Martyn Frampton writes about Wajeha al-Huwaider:
‘Control this and we won’t have a problem’ declared the Intelligence Officer, pointing to his mouth; such was the warning administered to Wajeha al-Huwaider when she was summoned to Intelligence Headquarters in Saudi Arabia last week. Her ‘crime’? To have attempted to plan an event calling for greater rights for women in Saudi Arabia. The fact that the event itself never materialised is considered irrelevant. In the Saudi Kingdom, to have considered holding it is crime enough. In true Orwellian style, the thought of the ‘crime’ is as punishable as any actual transgression.
And as a result, Wajeha al-Huwaider, the Saudi journalist and women’s rights’ activist, has been warned to keep quiet and had her passport taken away from her.
Wajeha’s freedom of movement was removed only days before she was due to fly to Europe and then the US to address a series of conferences. The purpose of these gatherings? Broadly speaking, to analyse prospects for reform and the advance of human rights in the Saudi Kingdom! Her recent personal experience would appear to offer the starkest evidence, as to the state of play in this regard.
Last month she staged an extraordinary solo demonstration, as she walked the Fahd Causeway that links Bahrain with Saudi Arabia, carrying a placard that read, ‘Give Women their Rights!’ Unsurprisingly, she managed to get only a few hundred yards before being arrested by Saudi security forces, whereupon she was detained for several hours. Thereafter, she was released, but only when a male relative had arrived to vouch for her. “
Read the rest. The good news is that Wajeha’s passport was returned to her over the weekend.
Also, for those of us whose knowledge of Kazakhstan is gleaned entirely from Borat’s new film: Cultural Learnings of America for Make Benefit Glorious Nation of Kazakhstan, take a few minutes out to read Andrew Apostolou’s explanation of why Bush was wrong to invite Nazarbayev to the White House:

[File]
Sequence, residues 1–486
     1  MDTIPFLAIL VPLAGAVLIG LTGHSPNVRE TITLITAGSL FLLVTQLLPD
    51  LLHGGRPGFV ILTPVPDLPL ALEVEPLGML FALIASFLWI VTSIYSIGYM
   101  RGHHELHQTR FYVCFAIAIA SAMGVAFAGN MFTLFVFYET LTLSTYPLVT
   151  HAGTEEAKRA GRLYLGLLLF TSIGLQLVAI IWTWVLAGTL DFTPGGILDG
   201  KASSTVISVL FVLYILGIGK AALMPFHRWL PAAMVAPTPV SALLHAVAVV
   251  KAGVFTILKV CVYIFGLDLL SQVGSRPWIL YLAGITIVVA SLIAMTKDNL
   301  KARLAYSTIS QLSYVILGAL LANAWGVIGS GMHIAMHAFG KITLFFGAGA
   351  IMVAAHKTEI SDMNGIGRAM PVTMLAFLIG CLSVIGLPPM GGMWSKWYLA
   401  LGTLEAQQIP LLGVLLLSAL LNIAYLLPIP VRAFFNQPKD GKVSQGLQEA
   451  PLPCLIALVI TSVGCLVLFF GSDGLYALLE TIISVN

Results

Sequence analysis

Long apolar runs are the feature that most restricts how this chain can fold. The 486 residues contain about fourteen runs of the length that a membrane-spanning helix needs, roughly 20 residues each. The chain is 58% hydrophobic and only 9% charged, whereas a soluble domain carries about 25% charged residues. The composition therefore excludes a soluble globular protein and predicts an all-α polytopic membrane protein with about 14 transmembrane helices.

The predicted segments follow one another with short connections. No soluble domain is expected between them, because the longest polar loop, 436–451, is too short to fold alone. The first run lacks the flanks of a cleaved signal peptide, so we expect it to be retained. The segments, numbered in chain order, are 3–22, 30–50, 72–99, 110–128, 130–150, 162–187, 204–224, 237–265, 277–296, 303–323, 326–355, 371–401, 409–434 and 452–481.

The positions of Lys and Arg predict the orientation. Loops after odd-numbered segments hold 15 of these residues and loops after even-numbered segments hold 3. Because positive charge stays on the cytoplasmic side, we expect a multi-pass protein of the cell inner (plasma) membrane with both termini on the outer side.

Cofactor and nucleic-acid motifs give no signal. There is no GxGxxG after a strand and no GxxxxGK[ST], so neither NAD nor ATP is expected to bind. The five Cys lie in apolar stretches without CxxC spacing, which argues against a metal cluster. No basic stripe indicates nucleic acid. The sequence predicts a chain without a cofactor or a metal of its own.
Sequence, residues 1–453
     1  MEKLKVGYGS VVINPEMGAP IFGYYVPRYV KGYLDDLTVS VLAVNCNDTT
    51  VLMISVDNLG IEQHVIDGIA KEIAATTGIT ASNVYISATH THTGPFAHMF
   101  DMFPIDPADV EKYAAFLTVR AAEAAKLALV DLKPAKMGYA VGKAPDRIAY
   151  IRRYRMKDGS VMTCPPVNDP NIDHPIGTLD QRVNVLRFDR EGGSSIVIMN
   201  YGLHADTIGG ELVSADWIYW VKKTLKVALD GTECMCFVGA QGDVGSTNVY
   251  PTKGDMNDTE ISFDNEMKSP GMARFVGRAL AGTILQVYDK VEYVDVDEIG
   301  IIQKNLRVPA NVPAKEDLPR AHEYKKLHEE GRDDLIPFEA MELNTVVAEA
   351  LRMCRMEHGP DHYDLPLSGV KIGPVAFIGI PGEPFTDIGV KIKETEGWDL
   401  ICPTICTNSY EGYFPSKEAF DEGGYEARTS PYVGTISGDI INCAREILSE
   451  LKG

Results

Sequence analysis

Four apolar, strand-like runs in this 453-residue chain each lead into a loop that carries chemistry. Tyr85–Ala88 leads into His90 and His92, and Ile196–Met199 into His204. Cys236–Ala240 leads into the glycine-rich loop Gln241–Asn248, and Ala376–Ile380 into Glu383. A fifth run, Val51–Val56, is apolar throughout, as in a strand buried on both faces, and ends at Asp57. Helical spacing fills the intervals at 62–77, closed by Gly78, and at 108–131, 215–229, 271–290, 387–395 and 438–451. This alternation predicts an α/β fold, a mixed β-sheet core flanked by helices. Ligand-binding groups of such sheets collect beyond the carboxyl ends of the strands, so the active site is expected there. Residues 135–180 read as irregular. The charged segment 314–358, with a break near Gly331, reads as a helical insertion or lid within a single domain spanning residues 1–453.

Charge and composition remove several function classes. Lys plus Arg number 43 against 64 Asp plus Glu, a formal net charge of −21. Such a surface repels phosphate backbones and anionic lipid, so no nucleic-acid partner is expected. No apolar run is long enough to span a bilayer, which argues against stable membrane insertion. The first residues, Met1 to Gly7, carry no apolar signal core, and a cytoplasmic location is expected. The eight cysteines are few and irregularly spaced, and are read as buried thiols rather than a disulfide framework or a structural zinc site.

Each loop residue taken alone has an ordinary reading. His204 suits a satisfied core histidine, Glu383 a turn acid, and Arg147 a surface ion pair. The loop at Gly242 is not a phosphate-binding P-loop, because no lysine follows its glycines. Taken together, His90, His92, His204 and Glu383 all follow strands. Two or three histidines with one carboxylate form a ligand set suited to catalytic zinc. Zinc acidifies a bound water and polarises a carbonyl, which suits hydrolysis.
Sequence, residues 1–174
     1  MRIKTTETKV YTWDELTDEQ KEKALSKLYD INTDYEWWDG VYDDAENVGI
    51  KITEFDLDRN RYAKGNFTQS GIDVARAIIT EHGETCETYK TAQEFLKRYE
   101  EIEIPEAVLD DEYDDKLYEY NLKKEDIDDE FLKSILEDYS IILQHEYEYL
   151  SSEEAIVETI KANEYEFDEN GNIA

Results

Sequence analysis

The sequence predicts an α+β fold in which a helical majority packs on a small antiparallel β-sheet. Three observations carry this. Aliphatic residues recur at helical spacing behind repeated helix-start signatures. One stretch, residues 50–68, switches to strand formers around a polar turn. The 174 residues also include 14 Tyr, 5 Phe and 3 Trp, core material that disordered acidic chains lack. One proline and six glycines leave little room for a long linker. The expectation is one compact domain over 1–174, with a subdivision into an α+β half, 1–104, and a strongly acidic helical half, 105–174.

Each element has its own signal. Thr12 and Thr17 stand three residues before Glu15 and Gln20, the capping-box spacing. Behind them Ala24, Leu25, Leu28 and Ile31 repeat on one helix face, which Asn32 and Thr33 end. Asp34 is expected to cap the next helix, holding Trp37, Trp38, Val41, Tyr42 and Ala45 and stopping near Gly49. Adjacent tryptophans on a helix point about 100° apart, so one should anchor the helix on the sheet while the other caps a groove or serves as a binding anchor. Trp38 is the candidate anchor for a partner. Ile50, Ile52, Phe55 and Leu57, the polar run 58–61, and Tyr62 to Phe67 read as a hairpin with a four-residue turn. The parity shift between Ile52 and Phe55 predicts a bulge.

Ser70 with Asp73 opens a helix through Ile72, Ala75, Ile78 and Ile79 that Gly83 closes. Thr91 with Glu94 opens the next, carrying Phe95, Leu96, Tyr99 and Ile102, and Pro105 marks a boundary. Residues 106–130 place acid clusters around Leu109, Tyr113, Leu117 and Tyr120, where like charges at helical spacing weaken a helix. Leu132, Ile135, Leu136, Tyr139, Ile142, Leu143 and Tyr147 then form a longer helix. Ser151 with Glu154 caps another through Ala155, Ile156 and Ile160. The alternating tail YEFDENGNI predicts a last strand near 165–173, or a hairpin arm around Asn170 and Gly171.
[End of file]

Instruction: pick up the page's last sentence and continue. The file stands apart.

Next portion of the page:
For Nazarbayev, who visited the Clinton White House twice but has not met Bush in Washington, D.C. since December 2001, the invitation is a victory. He will use the Bush White House to confirm that his autocracy has substantial U.S. support. This couldn’t come at a worse time, as a predominately Muslim Kazakhstan teeters on the brink of turning into another Saudi Arabia: corrupt at the top, with ample cause for discontent at the bottom.
There will be plenty of voices calling for President Bush to ignore these abuses because the United States already deals with leaders who are worse but more useful, such as Pakistan’s General Pervez Musharraf and Saudi Arabia’s King Abdullah. Yet Nazarbayev, who has remained steadfastly close to Russia, has little extra to offer the United States beyond his country’s limited counterterrorism capabilities and already-agreed oil-and-gas projects. Nazarbayev will burnish his image with a White House reception, but the United States could pay the price in the long run for reverting to the Cold War habit of embracing a temporarily useful local thug.